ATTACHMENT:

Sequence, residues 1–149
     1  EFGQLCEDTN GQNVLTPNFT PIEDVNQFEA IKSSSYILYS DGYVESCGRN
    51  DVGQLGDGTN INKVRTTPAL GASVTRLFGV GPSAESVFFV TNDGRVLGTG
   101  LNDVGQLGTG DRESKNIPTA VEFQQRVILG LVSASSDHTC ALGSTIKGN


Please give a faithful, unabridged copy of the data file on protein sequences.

Sequence, residues 1–149
     1  EFGQLCEDTN GQNVLTPNFT PIEDVNQFEA IKSSSYILYS DGYVESCGRN
    51  DVGQLGDGTN INKVRTTPAL GASVTRLFGV GPSAESVFFV TNDGRVLGTG
   101  LNDVGQLGTG DRESKNIPTA VEFQQRVILG LVSASSDHTC ALGSTIKGN